Tag Archives: monkeys

Beauty diversity and unlikely animal buddies.

Well this video recently surfaced in my facebook feed (thanks Gina) and I woke up singing the song and thinking of these adorable animals.  It was much more pleasant than the mental tug of war that is finding a topic for a blog post today.  And then it hit me–do a blog post about adorable animals playing with their pals.  Win. Win.

So today, I’m going to talk about body diversity.  The super cool thing about this video is how all the animals are different.  The monkey can play with the dog without telling the dog to look more like a monkey.  The dog and the dolphin can swim together without the dog having to engage in a streamlining program or getting a blow hole cut in his noggin.  And the dolphin can swim with the dog without feeling any particular need to join “Crazy LEGS(TM) a new process to grow legs in just 8 weeks!”

And it really made me think about our current standard of beauty.  It made me think about how so much of our society is shaped around the notion that if we just looked like a movie star or a beauty queen or a male stripper, everything would be just peachy keen and wonderful.  This is so silly, and so sad and so very, very wrong.  It’s a Barbie world, where all the girls should look like Barbie–tall, tiny waist, large breasts, smooth and flowing blonde hair, tiny feet and all.  Never mind that many believe that Barbie’s proportions are not only unlikely but also perhaps impossible.  (Some suggest if Barbie were an actual women, she would be 5’9″ tall, have a 39″ bust, an 18″ waist, 33″ hips and a size 3 shoe.  She would have a BMI of about 16 and would likely not menstruate.)  Yet as we’ve heard before and will undoubtedly hear again, it’s a Barbie world.

But seriously, where’s the fun in that?  It would be pretty boring if we all looked the same.  And trying to turn dogs into dolphins or vice versa could be endlessly profitable (if anybody could convince them that this needed to happen) but doesn’t seem likely to meet with any success or lead to happier canines or aquatic mammals.

So here’s to our diversity.  Here’s to our beauty in all it’s differences.  And here’s to keeping our money to go out and have a whole lot of fun with our very best buds.

Love, Jeanette DePatie (AKA The Fat Chick)

P.S. Want me to come and speak to your school or church group or organization or business about body diversity?  Check out my speaking page here!

Thursday Theater: Even Monkeys Understand Fairness

This video is wonderful for a few reasons. In the first place it is really funny. And in the second place, it reminds us that even monkeys understand about fairness.  When monkeys do equal work, monkeys expect equal pay.

Yet, in the world of humans, we have an ever growing disparity in worker pay. At my last full-time job, I was discouraged to learn that my immediate supervisor was earning nearly ten times my pay. And I was also earning less than half as much as the male producer in the office next door. Granted, my supervisor was higher on the totem pole than me, but ten TIMES higher? I don’t think so. And I have to admit, when I found out that others doing the same job as me were getting paid twice as much, well I started lobbing more than cucumbers out of my cage.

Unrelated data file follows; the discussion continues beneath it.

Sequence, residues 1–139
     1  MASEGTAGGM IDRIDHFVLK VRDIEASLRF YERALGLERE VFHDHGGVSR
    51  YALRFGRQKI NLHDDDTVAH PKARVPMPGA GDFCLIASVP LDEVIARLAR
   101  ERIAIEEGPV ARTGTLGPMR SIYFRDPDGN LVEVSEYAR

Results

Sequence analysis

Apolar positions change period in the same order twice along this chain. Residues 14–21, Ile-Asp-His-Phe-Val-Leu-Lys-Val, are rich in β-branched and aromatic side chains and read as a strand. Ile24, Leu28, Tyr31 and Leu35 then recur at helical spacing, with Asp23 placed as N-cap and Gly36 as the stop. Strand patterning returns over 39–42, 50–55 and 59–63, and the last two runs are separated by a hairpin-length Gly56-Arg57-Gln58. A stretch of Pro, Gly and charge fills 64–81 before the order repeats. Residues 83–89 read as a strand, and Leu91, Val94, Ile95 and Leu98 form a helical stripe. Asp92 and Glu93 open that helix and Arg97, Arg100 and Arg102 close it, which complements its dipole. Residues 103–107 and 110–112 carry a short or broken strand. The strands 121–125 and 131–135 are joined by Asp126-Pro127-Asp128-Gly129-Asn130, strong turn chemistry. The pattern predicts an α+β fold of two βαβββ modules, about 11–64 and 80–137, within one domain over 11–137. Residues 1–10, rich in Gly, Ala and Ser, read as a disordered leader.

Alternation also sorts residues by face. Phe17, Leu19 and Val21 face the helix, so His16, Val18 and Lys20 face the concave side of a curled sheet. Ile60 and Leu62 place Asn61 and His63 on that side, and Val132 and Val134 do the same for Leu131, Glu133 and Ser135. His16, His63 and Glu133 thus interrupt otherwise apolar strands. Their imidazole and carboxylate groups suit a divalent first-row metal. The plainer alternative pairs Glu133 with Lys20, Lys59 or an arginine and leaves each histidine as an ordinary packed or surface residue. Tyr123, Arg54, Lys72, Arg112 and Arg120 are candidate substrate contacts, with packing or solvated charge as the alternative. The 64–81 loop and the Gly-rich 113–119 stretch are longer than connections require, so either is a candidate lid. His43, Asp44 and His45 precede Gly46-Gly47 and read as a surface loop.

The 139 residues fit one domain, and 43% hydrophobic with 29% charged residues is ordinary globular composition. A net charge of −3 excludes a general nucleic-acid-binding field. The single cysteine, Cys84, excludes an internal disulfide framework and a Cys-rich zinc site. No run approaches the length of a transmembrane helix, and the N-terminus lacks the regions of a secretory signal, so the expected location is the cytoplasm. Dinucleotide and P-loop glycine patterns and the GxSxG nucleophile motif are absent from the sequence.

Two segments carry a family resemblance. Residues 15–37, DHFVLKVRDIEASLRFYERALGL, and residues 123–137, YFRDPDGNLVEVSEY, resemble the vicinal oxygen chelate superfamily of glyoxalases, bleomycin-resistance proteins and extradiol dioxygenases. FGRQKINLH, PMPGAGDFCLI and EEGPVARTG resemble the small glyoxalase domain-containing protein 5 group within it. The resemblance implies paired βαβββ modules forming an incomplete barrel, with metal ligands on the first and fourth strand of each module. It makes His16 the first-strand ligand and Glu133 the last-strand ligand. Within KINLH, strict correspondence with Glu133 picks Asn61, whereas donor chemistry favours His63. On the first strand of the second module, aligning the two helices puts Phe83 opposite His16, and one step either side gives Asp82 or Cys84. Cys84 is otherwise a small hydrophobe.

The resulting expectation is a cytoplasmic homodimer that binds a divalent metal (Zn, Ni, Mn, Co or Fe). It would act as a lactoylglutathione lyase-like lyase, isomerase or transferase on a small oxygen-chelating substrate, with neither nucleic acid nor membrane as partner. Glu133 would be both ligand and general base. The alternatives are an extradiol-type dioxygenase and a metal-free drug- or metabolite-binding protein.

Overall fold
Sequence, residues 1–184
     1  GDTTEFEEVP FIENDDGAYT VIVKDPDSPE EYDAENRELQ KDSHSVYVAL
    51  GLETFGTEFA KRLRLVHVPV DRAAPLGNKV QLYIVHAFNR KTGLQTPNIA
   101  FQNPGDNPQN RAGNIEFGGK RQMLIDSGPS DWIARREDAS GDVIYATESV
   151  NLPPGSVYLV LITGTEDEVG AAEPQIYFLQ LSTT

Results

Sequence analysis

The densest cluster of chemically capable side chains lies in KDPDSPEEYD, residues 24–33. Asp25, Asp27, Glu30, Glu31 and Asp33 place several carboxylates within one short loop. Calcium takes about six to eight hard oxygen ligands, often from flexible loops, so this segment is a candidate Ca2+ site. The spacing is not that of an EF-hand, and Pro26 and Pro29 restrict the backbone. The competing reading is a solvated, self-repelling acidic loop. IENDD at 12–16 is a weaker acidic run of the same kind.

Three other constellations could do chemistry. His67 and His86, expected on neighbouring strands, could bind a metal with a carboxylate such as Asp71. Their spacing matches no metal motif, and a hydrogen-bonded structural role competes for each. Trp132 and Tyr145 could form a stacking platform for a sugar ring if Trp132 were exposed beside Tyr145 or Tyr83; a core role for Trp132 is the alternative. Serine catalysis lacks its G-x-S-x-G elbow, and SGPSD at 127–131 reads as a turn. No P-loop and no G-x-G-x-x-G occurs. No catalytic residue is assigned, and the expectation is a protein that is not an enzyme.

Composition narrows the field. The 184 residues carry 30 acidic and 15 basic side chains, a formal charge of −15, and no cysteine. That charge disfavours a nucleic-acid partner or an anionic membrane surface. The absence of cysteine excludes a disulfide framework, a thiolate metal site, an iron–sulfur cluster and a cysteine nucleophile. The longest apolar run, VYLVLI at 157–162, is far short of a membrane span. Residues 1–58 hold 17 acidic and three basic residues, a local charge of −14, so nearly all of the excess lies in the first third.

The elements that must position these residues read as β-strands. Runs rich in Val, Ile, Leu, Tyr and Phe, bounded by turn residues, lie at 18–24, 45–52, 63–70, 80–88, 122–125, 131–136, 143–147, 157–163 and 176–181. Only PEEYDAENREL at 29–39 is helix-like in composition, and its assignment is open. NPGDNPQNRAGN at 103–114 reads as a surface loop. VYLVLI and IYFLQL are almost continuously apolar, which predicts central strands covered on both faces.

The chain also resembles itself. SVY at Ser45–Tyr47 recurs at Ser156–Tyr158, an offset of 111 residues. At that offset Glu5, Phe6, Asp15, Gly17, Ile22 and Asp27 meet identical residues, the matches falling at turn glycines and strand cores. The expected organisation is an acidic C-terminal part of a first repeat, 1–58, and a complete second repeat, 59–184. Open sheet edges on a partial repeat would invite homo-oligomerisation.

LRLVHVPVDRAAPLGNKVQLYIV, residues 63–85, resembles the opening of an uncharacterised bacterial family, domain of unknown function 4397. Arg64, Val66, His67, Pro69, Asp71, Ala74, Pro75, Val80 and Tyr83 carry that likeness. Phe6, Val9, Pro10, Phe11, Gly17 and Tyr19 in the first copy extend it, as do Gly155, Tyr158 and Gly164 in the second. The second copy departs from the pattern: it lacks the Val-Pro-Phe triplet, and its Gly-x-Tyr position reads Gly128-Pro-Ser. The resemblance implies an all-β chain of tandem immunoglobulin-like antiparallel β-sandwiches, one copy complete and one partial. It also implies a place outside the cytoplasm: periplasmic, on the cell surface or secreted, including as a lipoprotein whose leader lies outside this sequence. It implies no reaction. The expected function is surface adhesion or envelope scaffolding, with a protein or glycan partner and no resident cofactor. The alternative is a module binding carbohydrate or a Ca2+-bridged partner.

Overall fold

This is why I get so boiling mad when I see that fat people on average earn less than their thinner counterparts. Even when the fat person is performing the job as well or better than their thinner counterparts, the bigger person typically brings home a smaller paycheck. According to The National Longitudinal Survey of Youth, in 2004 obese men earned $4,772 less than thin men, and obese women earned an astonishing $8,666 less than thin women. That’s a lot of grapes, my friends.

This is one of the reasons I think it is so important to be aware of and fight against size discrimination. We’re talking not only about somebody calling us names and making mooing sounds when we are trying to work out in the gym.  (Although those things are truly horrible as well.) but also about our ability to make a living. $8,000 can easily mean the difference between being above or below the poverty line. $8,000 can pay for better health care or a college class or special job training. $8,000 could pay for a used car to get us to a better job.

Let’s continue to fight for the rights of people of all sizes to receive a fair wage. Let’s share the message far and wide that equal pay for equal work is just common sense. It’s a pretty simple idea. Heck, even a monkey can grasp it.

The Fat Chick